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Unformatted text preview: Dougherty: Introduction to Econometrics 3e Study Guide Chapter 5 Dummy variables Overview This chapter explains the definition and use of a dummy variable, a device for allowing qualitative characteristics to be introduced into the regression specification. Although the intercept dummy may appear artificial and strange at first sight, and the slope dummy even more so, you will become comfortable with the use of dummy variables very quickly. The key is to keep in mind the graphical representation of the regression model. Learning outcomes After working through the corresponding chapter in the text, studying the corresponding slideshows, and doing the starred exercises in the text and the additional exercises in this guide, you should be able to explain: how the intercept and slope dummy variables are defined • • • • • • what impact they have on the regression specification how the choice of reference (omitted) category affects the interpretation of t tests on the coefficients of dummy variables how a change of reference category would affect the regression results how to perform a Chow test when and why a Chow test is equivalent to a particular F test of the joint explanatory power of a set of dummy variables. Additional exercises A5.1 In Exercise A1.5 the logarithm of earnings was regressed on height using EAEF Data Set 21 and, somewhat surprisingly, it was found that height had a highly significant positive effect. We have seen that the logarithm of earnings is more satisfactory than earnings as the dependent variable in a wage equation. Fitting the semilogarithmic specification, we obtain . reg LGEARN HEIGHT Source  SS df MS Number of obs = 540 + F( 1, 538) = 51.03 Model  16.1740421 1 16.1740421 Prob &gt; F = 0.0000 Residual  170.533601 538 .316976954 Rsquared = 0.0866 + Adj Rsquared = 0.0849 Total  186.707643 539 .34639637 Root MSE = .56301  LGEARN  Coef. Std. Err. t P&gt;t [95% Conf. Interval] + HEIGHT  .0408707 .0057216 7.14 0.000 .0296313 .0521101 _cons  .0261041 .3879608 0.07 0.946 .7359995 .7882078  The t statistic for HEIGHT is even higher. In Exercise A1.5 it was hypothesized that the effect might be attributable to males tending to have greater earnings than females and also tending to be taller. The © Christopher Dougherty, 2007 The material in this book has been adapted and developed from material originally produced for the degrees and diplomas by distance learning offered by the University of London External System ( www.londonexternal.ac.uk ) Dougherty: Introduction to Econometrics 3e Study Guide output below shows the result of adding the dummy variable to the specification, to control for sex....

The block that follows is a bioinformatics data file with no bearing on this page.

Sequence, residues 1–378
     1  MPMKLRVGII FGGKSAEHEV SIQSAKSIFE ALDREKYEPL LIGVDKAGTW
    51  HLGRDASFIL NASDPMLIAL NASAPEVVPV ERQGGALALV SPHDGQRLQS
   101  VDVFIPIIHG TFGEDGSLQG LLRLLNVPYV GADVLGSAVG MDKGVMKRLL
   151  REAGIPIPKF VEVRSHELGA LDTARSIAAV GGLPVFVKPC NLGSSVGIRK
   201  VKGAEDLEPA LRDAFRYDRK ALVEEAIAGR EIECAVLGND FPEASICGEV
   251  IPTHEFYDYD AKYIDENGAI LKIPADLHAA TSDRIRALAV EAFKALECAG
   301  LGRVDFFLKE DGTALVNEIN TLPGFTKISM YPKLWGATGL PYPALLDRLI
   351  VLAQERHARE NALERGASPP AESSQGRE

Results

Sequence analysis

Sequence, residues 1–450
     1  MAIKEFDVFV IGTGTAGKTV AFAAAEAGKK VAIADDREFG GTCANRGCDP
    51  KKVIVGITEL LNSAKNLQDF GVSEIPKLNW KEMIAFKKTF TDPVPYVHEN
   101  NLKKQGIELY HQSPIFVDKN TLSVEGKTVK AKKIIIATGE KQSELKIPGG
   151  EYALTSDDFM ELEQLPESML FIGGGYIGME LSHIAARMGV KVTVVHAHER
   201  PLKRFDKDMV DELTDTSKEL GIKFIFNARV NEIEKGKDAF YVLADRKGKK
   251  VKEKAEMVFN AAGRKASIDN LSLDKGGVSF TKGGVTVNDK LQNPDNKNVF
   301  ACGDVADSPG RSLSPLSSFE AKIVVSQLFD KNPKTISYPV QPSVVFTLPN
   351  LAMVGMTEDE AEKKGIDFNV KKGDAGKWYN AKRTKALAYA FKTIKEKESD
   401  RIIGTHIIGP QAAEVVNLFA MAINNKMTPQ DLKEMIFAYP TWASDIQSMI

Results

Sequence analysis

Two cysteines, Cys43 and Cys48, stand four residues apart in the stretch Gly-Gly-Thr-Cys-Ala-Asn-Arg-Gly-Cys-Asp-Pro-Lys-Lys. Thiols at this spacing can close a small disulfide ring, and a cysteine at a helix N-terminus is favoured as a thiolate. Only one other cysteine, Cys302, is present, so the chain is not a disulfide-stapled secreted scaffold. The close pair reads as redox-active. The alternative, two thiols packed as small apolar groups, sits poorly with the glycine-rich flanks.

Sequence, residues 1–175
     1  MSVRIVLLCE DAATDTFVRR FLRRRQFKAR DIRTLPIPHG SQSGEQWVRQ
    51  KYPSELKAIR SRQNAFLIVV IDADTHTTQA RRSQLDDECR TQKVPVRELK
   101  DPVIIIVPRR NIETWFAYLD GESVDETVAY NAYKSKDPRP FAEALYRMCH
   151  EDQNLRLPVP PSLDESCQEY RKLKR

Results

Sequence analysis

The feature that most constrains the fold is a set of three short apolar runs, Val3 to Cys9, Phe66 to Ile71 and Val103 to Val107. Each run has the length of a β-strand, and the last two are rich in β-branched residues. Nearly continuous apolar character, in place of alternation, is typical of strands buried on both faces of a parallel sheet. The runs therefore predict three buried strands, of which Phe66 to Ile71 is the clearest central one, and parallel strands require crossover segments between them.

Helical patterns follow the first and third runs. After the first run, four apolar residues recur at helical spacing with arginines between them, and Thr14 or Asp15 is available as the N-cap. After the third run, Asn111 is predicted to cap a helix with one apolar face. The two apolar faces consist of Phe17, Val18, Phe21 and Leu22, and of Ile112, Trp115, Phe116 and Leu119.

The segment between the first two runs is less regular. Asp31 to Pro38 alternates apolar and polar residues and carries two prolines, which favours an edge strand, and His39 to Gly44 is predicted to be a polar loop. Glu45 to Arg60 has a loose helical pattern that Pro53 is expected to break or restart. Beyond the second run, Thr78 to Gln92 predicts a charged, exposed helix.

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 Spring '10
 öcal
 Econometrics

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